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    Erythritol — it’s not exactly a household word. So, either you already know what it is and are here to find out about all things erythritol and fasting, or you’ve gone down the “what breaks a fast” rabbit hole and landed here! No matter what brought you here, welcome! If you’ve gone through the looking glass and have no idea what erythritol is or if it’ll break a fast, don’t worry — we can help you out.

    Ever wondered if erythritol breaks your fast? Let’s dive into the facts together!

    But before we get to that, let’s make sure we’re all on the same page. Fasting isn’t for everyone. If you fit into any of these categories, we recommend you avoid fasting altogether:

    • You are pregnant, breastfeeding, or trying to conceive.
    • You have type 1 diabetes.
    • You are on prescription medications. 
    • You are under the age of 18 or are 80 years old or older. 
    • You are extremely active.
    • You have a body mass index (BMI) < 18.5.
    • You have an eating disorder or a history of one (or are at risk of developing one).

    If you don’t fit into any of those and the fasting rabbit hole seems like your new happy place, you’ll want to know, among other things, “What to eat during intermittent fasting?” and “What to drink while fasting?” We’ve got all those answers for you and more. We recommend you start off with our Simple quiz for some personalized guidance on this adventure.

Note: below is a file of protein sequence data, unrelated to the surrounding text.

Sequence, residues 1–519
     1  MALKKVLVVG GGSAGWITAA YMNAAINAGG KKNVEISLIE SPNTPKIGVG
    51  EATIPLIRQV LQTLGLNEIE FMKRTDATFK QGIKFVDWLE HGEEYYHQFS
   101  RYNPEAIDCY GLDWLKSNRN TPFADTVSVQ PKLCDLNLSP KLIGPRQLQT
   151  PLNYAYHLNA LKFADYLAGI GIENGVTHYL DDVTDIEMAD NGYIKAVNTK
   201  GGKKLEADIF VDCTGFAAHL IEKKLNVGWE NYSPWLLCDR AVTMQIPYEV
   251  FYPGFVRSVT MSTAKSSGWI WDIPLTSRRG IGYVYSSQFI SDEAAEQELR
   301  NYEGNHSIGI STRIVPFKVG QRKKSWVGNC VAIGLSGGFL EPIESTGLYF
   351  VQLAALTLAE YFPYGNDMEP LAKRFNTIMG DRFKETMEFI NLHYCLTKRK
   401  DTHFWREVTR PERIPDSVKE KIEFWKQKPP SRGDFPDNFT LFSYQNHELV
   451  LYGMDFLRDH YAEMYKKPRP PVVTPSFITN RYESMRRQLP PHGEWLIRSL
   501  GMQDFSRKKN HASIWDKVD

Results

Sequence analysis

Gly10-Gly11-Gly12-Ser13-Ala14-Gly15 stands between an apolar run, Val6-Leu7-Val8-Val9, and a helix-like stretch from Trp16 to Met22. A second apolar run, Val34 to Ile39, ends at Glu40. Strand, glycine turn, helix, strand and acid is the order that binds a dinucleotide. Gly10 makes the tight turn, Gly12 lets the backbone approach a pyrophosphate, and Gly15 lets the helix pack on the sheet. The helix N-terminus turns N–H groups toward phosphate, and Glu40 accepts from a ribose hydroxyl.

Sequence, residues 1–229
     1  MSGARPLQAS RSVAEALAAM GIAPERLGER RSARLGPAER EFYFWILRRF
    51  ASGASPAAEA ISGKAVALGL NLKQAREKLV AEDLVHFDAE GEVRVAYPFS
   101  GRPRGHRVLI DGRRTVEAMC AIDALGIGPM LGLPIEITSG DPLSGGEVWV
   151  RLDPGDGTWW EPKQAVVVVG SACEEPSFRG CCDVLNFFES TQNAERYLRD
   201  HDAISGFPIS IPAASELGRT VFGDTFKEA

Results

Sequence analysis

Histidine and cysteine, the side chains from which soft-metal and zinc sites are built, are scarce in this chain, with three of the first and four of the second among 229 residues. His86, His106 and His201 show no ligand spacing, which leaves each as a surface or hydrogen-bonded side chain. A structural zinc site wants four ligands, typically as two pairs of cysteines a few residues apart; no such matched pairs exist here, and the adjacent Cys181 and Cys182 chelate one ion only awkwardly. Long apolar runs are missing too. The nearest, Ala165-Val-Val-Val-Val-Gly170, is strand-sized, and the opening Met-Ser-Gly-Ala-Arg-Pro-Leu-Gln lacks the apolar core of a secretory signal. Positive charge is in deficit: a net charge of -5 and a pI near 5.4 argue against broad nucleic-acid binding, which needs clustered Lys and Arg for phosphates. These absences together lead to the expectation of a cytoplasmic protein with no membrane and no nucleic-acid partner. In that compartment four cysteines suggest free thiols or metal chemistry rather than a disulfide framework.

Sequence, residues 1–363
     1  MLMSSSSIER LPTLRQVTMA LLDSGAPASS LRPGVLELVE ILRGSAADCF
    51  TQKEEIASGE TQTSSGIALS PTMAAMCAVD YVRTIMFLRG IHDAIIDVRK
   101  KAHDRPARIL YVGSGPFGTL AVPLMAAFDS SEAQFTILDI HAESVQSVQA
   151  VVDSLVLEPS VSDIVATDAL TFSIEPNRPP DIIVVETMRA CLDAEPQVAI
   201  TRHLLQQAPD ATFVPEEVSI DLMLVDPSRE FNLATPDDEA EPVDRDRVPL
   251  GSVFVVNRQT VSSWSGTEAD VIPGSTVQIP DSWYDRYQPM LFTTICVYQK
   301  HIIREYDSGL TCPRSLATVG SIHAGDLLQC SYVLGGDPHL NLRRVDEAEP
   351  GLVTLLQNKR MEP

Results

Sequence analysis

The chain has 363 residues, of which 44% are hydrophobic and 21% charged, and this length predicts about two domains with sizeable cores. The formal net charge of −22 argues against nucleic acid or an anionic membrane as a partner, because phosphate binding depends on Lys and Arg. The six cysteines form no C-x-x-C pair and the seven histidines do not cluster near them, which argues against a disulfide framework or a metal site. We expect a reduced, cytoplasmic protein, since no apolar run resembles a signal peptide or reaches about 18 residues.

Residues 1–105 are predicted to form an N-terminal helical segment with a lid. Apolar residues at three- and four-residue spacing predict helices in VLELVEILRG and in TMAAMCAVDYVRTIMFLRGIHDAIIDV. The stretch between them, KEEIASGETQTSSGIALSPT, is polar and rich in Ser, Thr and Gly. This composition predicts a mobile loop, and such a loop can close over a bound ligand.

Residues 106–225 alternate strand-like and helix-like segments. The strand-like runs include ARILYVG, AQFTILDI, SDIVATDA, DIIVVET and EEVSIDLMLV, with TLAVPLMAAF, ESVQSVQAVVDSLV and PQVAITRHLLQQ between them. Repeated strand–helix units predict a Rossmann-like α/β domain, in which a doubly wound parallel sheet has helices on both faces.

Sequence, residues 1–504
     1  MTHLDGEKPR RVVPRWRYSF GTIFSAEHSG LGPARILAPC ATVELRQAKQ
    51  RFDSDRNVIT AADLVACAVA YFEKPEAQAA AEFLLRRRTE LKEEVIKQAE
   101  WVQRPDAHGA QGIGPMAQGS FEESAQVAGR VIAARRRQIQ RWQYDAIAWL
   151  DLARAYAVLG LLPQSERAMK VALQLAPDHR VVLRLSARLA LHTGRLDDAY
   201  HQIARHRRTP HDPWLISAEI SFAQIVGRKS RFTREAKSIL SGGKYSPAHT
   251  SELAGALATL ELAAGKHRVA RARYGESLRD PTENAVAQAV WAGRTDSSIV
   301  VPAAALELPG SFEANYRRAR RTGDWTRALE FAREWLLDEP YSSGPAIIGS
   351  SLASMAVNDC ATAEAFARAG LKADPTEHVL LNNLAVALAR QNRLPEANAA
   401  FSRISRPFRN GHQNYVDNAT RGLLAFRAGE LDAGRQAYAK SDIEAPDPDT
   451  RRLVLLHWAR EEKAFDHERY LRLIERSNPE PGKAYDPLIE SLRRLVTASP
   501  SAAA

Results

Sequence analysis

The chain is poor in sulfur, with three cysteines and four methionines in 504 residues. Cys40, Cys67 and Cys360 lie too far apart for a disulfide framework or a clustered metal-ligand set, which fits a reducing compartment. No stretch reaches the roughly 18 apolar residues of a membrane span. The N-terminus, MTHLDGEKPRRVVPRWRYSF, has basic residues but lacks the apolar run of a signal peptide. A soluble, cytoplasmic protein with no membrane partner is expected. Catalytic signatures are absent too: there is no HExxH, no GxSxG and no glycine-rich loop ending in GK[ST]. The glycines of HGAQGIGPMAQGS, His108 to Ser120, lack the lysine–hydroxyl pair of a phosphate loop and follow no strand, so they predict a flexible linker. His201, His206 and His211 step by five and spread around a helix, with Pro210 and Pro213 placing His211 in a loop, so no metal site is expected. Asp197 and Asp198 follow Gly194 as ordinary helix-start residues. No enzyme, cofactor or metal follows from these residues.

Now, back to our original question, does erythritol break a fast? Let’s find out! 

    What is erythritol? 

    Erythritol is a sugar alcohol naturally found in some fruits, but it is often made commercially by fermenting glucose with yeast. It’s frequently used in sugar-free or reduced-sugar foods. 

    Nutritional value

    Erythritol has about 0.2 kcals per gram compared to sugar’s 4 kcals per gram and provides no other nutritional value.

    Will erythritol break a fast?

    Wondering if that spoonful of erythritol might break your fast? With its low calorie count, it’s unlikely to disrupt (unless you’re having heaps). So, sweeten your tea worry-free!

    Around here, our rule of thumb is anything <10 calories doesn’t break a fast. At a fraction of sugar’s calories, it would take ~50 g or just over 4 tablespoons to hit the 10-calorie mark. So, will erythritol break a fast? It could, but the likelihood of someone consuming enough in one setting is small. 

    Health benefits and possible drawbacks of using erythritol while intermittent fasting


    • Supports weight loss — Virtually calorie-free compared to natural sweeteners, erythritol and intermittent fasting both work toward reducing calorie intake.[1] 
    • Easy on the tummy Other sugar alcohols have been known to cause some GI discomfort.[3] However, because of where erythritol is absorbed, it’s much less likely to cause discomfort than other artificial sweeteners. 


    • It’s not as sweet — Erythritol is about 60%–70% as sweet as sugar. It could take more erythritol to meet the same flavors you’re used to.  
    • It may not be easy on the heart — One recent study showed an increased risk of cardiovascular events with increased erythritol intake.[4] More long-term research is needed to explore this link further.

    Tips on using erythritol during a fast

    • Start slowly Use it in small amounts to make sure erythritol agrees with you. 
    • Use it during your eating window — Although the chances are slim, erythritol can still result in calorie intake and GI discomfort, so we recommend you consume it with food and not on an empty stomach.
    • Moderation is key — With limited research on the long-term effects of increased erythritol intake, we think it wise to keep it to a minimum.